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Get thee to a library: It’s more important than ever

Jessica Riddell is an associate professor in the department of English at Bishop's University, the chair of the Bishop's University Teaching and Learning Centre and a 3M National Teaching Fellow.

In the wake of the provincial government's decision to close almost half the public libraries in Newfoundland and Labrador, politicians have offered up a number of justifications. The most prevalent – and specious – argument is that technology has rendered libraries obsolete, and that libraries are now relics of the predigital age.

This couldn't be further from the truth.

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Libraries are not static repositories of physical books. Rather, they are knowledge hubs where people of all ages can seek out opportunities, collaborate, create, and learn. When we think about libraries, we must extend our perception beyond the limitations of bricks and mortar, books and periodicals, and understand libraries as public spaces devoted to knowledge creation in its many forms. Public libraries uphold values of inclusivity, social and cultural literacy, and equal access to knowledge – all key values of a vibrant and thriving democracy. When we close our libraries, we threaten to unravel the very fabric that binds members of our communities together.

In this digital age it is even more important to invest in libraries as spaces where we encounter, explore, and experiment with ideas, whether these ideas are found in the pages of books or are circulated by digital content platforms and new technologies. As a university professor, I have yet to find a technology that can replicate – much less supersede – the powerful learning that occurs when my students and I encounter complex ideas together in safe, supportive, and curiosity-driven environments.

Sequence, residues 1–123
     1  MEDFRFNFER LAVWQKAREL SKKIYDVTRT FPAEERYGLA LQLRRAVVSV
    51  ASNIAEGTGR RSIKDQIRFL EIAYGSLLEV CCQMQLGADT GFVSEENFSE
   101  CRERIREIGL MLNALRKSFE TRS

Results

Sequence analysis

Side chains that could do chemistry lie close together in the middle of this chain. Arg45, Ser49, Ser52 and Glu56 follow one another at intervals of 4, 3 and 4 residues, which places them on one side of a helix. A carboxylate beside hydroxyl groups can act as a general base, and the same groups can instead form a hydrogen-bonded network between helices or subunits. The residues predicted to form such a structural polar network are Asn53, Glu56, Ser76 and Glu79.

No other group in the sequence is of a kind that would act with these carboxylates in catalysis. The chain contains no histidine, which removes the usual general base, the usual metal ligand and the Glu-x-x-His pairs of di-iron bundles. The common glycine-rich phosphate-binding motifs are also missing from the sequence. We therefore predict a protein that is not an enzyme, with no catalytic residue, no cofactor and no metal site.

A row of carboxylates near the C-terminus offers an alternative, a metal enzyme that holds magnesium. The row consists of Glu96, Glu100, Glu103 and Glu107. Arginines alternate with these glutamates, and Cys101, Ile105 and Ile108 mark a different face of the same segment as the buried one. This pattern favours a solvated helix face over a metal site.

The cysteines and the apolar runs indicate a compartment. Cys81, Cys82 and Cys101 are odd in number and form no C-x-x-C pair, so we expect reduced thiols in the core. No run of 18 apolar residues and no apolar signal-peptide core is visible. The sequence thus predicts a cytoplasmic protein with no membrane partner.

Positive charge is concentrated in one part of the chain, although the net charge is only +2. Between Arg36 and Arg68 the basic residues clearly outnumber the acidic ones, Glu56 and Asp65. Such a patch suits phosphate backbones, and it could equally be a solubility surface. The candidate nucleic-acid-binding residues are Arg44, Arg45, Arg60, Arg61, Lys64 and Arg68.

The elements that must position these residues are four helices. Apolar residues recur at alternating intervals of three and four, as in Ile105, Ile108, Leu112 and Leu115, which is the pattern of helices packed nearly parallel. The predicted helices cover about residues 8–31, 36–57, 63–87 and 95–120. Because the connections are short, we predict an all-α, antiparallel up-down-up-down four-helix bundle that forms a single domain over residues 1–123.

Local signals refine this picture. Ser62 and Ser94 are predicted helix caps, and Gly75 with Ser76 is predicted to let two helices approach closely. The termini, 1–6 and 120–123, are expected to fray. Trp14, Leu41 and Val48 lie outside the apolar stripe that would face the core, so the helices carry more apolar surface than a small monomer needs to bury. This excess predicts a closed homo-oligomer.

If you've been to a public library recently, chances are you've seen how vibrant and dynamic these public spaces are. You may have stopped in for free Wi-Fi and stayed for an art exhibition. You may have browsed the new releases while waiting for a public lecture to start. You may have signed up for a book club and discovered the espresso at the library café is unparalleled. If you are a regular user of a public library, you know that the programming offers almost endless learning opportunities for every age and stage, from toddlers to seniors.

In the past 15 years, many educational institutions (especially in higher education) have invested in their libraries; some have even renamed their libraries as "learning commons." The new name is designed to emphasize how these public learning spaces represent the true sense of a "commons" – that is, a space accessible to all members of a community who have responsibility for and investment in a shared vision of learning. Librarians and library staff at my university are key collaborators in this vision: they are not guardians of books but rather facilitators, curators, community event organizers, archivists, researchers, educators, and mentors. Moreover, they teach the next generation about digital literacy, a core competency of global citizenship.

Steven Johnson, in Where Good Ideas Come From: The Natural History of Innovation, traces the history of innovation and argues that creating fertile environments facilitates "collisions of creativity" where people from diverse backgrounds "converge in some shared physical or intellectual space." Although Mr. Johnson identifies 18th-century coffee houses, 19th-century salons, and even a 1970s garage where Steve Jobs and Steve Wozniak famously founded Apple as sites of these collisions, he could easily have been describing the public libraries of the 21st century.

Libraries are not a luxury to be cut when there is an economic downturn. Instead, we should be investing in libraries and learning commons as key social institutions that connect members of our communities and provide opportunities for creative collisions.

Now picture a library. What do you see? If the image in your mind includes rows upon rows of books, people reading quietly, and a stern librarian shushing unwitting patrons who crackle a candy wrapper, you need to get thee to a public library. And while you are there, hug a librarian.

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